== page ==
Just as users around the world are surely strapping on new Fitbits with an aim of tackling health-focused New Year’s resolutions, so too is Fitbit itself kicking off 2024 with its sights set on a new goal.
The Google-owned fitness tracker maker is teaming up with Quest Diagnostics, according to a Wednesday release, to study how the combination of the two companies’ products could potentially help improve metabolic health, which is linked to conditions like diabetes, heart disease and stroke.
The companies noted in their announcement that factors like diet, exercise and sleep—all of which, not-so-coincidentally, are tracked by Fitbit devices—can all have an impact on metabolic health.
“Improving metabolic health is essential to prolong the time we stay healthy and disease free,” said Javier Prieto, Ph.D., a principal investigator and senior staff research scientist at Google. “Metabolic health is influenced by many factors. We think this study will help us uncover how biometrics measured by wearables can help you understand your metabolic health. With that understanding you will be able to improve your health through better activity, sleep and dietary habits.”
Quest and Fitbit’s joint pilot study has been dubbed WEAR-ME, short for Wearables for Metabolic Health, and is expected to be completed this year. It’ll recruit around 1,500 existing Fitbit users, who will be asked to share three months’ worth of data collected by their wearables and to undergo a panel of blood tests, including analyses of their blood sugar, cholesterol and triglycerides.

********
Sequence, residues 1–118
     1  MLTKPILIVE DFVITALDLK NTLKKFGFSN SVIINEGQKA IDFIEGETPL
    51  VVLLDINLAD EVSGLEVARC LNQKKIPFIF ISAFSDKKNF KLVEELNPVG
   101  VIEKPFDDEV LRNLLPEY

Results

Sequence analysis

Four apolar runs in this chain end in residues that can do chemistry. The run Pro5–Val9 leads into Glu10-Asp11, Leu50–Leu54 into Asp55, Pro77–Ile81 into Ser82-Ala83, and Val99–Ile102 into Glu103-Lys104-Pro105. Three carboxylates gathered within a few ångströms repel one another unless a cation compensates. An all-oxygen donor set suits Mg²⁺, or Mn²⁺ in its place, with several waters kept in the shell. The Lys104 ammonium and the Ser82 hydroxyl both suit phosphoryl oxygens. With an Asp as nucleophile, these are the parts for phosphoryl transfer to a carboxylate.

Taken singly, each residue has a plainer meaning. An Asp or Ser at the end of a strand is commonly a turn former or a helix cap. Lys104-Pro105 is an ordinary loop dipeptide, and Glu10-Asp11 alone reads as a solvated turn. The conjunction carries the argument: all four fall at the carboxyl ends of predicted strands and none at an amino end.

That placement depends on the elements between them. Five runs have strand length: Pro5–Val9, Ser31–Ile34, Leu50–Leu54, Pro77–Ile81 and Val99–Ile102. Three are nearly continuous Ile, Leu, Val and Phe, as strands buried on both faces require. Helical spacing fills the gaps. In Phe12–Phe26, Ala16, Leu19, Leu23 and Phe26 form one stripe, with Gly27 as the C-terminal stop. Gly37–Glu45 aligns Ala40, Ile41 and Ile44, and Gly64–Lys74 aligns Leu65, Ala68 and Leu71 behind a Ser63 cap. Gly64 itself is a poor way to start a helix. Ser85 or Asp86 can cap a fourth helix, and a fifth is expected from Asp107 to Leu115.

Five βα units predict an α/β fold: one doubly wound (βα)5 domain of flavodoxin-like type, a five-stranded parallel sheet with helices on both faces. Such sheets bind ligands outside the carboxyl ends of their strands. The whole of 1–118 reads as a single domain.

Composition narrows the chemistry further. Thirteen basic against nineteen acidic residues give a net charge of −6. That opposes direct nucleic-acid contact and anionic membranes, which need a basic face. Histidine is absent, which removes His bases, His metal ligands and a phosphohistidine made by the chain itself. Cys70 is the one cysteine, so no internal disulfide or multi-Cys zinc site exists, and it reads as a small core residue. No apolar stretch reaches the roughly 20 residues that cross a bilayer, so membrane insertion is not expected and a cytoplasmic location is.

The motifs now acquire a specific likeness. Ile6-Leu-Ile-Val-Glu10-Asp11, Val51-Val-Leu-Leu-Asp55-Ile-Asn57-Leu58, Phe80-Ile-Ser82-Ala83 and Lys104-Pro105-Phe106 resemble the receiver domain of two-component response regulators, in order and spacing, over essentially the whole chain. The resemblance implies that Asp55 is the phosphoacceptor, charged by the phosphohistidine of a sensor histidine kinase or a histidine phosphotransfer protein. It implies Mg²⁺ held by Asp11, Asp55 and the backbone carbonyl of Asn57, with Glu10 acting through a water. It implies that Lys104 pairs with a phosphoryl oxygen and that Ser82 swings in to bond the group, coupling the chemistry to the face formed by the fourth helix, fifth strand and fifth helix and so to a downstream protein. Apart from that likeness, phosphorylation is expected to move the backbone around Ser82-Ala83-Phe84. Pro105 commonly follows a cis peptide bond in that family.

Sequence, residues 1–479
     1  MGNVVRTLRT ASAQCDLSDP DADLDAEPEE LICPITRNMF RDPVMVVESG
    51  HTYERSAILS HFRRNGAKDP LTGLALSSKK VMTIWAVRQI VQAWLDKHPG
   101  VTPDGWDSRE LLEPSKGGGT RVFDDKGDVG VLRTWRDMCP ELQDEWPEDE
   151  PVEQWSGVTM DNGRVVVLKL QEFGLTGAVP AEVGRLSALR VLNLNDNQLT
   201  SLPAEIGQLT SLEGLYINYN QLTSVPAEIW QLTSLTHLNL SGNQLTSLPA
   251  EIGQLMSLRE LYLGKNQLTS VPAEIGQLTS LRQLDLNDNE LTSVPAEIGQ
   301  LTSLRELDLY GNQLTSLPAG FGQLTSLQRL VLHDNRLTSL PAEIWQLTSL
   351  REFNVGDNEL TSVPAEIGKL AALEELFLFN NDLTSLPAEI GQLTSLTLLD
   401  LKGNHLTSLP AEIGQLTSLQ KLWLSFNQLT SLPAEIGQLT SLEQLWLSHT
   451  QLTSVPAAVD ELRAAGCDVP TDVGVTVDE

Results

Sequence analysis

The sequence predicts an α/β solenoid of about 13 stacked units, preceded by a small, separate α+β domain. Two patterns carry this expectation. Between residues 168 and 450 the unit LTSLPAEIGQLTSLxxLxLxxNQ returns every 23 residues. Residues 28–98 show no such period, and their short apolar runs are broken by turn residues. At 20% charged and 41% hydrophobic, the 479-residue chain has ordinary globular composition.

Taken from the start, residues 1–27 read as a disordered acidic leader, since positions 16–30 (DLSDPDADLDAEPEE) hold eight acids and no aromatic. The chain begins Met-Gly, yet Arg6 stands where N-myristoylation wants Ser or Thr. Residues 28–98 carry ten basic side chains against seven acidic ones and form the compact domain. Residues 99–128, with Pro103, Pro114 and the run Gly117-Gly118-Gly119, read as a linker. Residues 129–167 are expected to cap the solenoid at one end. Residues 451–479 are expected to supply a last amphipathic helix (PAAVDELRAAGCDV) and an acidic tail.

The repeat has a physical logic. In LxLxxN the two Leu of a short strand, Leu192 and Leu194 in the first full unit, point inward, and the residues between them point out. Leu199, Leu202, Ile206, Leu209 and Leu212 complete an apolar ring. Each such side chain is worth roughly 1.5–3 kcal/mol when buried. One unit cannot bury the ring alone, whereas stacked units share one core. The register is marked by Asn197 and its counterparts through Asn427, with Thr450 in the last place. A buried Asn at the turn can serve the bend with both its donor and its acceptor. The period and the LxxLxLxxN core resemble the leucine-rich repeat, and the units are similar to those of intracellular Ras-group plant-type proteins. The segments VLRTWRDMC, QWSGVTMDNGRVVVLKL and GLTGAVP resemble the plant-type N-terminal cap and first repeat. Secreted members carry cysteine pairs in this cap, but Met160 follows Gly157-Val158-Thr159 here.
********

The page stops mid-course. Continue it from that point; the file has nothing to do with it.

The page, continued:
Meanwhile, Fitbit and Quest will analyze the participants’ paired Fitbit-collected data and diagnostic results to look for links between wearable usage and metabolic health. In doing so, the companies are hoping to better understand how relying on a wearable device to track diet, exercise and sleep may improve a wearer’s health, as well as how the devices could potentially help to prevent metabolic diseases.
“By teaming up, Quest and Fitbit will harness laboratory testing to better understand the type of information that motivates people to make healthy choices that ultimately improve their health,” Richard Adams, a VP and general manager of Quest’s consumer-initiated testing business, said in the announcement.
The lab testing—conducted at a nearby Quest patient service center—will be free to the study participants, each of whom will then have access to their test results via mobile apps from both Quest and Google.
The latter of these, the Google Health Studies App, is also the platform through which potential participants will sign up for the study and schedule their blood draw appointment.